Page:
Even after all the effort put forth for the invocation, an entity may or may not grant energy to a petitioner. The mere act of being asked gives the entity power and so to encourage this action, some spiritual beings will grant power to any individual who invokes their name in the proper way; however, the entity may also chose to ignore the request. The spiritual energy or "mystic potential" present in the petitioner plays a part in how often requests are granted. The invocation or prayers of an individual who has large amounts of spiritual energy would provide the entity with a more enticing exchange and they would be more inclined to answer them. Some malevolent entities, like Chthon or Satannish, are willing to offer vast amounts of power, but only in exchange for the supplicant's soul. Those who have mastered the art of Exocentric summons will tell you that even perfectly performed rituals may yield no results. The entities can be as fickle as they are powerful. Special arrangements are sometimes made between entities and sorcerers, which allow a certain amount of energy to be accessed without the customary incantation or ritual. In these cases, a single pre-established "magic word" or gesture can be used to trigger the energy exchange.
The fourth path or "forbidden path" (as it was originally known) was developed on Earth by the Elder God Chthon and is recorded in the Darkhold. Witnessing his brother Set gaining power by destroying life, Chthon became curious. He studied the release of death energies in order to master this source of power for himself and to better defend himself against the insatiable hunger of Set. Forbidden in every civilized mystic community, this potent form of magic is still practiced by twisted witches and wizards who seek power no matter the cost. Drawing on the potent energies generated by the termination of lesser energies (i.e. human sacrifice) and capable of generating swift and significant results, necromantic incantations have resulted in the destruction of entire civilizations.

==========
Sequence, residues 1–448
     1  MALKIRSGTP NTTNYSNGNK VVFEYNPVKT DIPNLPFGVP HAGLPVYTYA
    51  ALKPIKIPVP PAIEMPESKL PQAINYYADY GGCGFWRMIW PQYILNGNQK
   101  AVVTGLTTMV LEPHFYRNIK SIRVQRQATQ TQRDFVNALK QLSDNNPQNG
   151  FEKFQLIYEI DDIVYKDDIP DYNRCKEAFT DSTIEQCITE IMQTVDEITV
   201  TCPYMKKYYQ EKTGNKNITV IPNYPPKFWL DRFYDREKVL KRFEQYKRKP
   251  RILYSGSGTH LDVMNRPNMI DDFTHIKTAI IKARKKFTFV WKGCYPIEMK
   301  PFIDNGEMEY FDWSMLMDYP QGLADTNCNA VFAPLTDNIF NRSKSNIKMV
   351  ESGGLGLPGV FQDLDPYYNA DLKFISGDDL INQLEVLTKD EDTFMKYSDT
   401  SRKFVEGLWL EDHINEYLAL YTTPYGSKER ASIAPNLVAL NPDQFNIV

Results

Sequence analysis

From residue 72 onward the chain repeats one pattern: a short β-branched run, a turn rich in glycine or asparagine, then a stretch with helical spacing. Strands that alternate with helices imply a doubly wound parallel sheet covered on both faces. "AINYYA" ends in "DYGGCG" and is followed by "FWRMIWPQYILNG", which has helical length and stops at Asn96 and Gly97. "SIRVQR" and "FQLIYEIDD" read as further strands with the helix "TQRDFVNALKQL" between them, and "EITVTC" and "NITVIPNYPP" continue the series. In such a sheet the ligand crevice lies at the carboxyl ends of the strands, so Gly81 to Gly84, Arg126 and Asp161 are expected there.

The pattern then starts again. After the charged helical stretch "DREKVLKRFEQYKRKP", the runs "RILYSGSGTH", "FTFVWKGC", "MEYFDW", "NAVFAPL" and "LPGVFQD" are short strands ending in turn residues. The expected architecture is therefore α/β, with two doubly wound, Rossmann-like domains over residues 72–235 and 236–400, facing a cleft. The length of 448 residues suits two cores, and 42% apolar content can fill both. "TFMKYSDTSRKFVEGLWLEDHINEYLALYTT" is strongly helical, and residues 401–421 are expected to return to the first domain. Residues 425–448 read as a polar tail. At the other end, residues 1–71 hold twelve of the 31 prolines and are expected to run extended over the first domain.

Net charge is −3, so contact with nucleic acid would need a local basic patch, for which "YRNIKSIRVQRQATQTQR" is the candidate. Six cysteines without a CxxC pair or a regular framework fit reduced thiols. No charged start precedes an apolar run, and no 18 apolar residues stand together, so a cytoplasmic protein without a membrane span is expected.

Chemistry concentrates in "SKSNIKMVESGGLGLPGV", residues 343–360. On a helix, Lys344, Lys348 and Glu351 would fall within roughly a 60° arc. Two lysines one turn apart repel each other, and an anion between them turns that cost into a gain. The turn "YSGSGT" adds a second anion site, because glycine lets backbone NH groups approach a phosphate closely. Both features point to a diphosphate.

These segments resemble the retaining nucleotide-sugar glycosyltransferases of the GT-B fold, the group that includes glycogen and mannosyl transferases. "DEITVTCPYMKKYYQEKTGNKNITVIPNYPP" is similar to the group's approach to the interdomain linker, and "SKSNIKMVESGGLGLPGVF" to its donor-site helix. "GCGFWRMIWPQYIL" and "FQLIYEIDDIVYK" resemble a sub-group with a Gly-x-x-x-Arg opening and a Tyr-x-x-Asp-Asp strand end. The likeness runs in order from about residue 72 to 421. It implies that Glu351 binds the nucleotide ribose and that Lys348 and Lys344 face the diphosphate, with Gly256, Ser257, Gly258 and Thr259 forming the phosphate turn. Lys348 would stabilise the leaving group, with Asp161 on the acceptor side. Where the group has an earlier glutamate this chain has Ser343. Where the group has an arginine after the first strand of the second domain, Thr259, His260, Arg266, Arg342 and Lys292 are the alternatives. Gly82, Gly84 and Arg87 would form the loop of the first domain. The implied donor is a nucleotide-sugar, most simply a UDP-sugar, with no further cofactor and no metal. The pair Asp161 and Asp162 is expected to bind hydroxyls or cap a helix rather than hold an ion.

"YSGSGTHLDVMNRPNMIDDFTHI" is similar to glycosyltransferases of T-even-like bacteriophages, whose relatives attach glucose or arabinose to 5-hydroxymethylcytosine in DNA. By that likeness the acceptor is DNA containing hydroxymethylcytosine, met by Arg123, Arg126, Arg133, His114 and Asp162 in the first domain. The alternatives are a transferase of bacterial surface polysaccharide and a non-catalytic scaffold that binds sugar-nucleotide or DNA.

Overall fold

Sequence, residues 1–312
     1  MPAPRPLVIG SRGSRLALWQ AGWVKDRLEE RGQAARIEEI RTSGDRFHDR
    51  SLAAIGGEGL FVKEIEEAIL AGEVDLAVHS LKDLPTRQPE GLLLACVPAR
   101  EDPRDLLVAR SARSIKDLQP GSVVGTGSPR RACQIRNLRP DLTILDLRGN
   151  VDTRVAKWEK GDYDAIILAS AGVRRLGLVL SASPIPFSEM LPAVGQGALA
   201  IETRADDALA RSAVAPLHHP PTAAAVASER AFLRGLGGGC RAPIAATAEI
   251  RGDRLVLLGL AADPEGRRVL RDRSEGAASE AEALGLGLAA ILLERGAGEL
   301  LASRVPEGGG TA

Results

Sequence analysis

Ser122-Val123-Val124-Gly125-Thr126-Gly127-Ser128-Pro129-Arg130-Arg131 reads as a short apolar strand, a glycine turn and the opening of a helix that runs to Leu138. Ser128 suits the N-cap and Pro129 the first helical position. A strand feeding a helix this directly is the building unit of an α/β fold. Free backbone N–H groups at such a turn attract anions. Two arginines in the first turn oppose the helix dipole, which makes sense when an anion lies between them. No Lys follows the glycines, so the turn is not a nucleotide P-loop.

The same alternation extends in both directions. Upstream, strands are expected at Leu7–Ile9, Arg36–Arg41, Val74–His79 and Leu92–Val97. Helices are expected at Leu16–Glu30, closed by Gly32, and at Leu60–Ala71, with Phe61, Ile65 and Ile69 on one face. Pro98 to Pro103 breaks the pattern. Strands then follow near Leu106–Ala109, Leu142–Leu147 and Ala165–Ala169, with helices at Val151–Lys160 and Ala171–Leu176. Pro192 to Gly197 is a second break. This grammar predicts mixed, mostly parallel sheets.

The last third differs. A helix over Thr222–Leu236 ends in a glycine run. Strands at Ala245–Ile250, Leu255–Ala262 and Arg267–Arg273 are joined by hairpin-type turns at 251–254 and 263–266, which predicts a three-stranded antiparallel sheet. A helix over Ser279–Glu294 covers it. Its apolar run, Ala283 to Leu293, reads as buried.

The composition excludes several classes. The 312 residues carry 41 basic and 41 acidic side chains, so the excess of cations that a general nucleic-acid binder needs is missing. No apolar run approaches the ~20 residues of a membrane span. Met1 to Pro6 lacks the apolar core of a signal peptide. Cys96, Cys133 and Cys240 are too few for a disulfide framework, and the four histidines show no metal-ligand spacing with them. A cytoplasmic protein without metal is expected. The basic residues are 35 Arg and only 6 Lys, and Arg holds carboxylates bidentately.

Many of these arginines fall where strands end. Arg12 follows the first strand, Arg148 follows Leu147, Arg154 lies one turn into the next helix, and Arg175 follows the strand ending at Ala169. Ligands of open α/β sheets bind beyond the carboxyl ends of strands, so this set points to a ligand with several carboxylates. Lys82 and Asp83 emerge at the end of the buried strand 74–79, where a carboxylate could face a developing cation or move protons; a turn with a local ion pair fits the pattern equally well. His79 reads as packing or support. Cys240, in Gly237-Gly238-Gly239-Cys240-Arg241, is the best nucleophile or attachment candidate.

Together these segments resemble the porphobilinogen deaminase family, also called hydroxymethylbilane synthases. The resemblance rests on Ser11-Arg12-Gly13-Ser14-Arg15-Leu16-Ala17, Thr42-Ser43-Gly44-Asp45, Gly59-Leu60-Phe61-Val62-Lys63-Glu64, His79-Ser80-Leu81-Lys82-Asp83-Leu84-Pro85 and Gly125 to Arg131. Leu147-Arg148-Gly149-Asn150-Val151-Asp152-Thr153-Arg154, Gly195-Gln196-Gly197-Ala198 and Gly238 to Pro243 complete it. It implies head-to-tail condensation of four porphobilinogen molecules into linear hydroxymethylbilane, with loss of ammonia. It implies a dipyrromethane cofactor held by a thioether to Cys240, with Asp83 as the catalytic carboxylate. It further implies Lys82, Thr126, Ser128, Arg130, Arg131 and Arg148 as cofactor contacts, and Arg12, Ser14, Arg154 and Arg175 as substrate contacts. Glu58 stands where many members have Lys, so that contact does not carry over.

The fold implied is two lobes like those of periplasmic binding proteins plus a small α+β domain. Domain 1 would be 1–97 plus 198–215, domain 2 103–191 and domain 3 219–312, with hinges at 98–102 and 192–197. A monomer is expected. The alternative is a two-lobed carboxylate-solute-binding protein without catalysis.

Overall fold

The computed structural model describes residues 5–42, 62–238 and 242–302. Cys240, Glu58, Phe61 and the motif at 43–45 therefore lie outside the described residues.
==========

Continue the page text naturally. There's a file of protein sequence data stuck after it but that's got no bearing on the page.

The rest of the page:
|“|| Rack: Just relax, I'm not gonna hurt you. You gotta give a little to get a little, right?|
Amy: It's okay. It's over fast.
Rack: That's right. I'm just gonna take a little tour.
— Rack, before absorbing some of Phoebe's magic.
One way of gaining magical energy is through transferring it with other beings. It can be shared among other users, or forcibly taken. This usually requires physical contact, but an exceptionally powerful practitioner could drain that energy without any contact and not only drain the energy without the other person knowing, but also decode it to manipulate as they wished. Draining too much energy from one user can kill or at least weaken them as it also drained their life force. Alternatively, one can drain another's magic in order to naturalize them. Phoebe was strongly opposed to it and compared it to cutting off someone's hand, while other witches considered it a form of mutilation.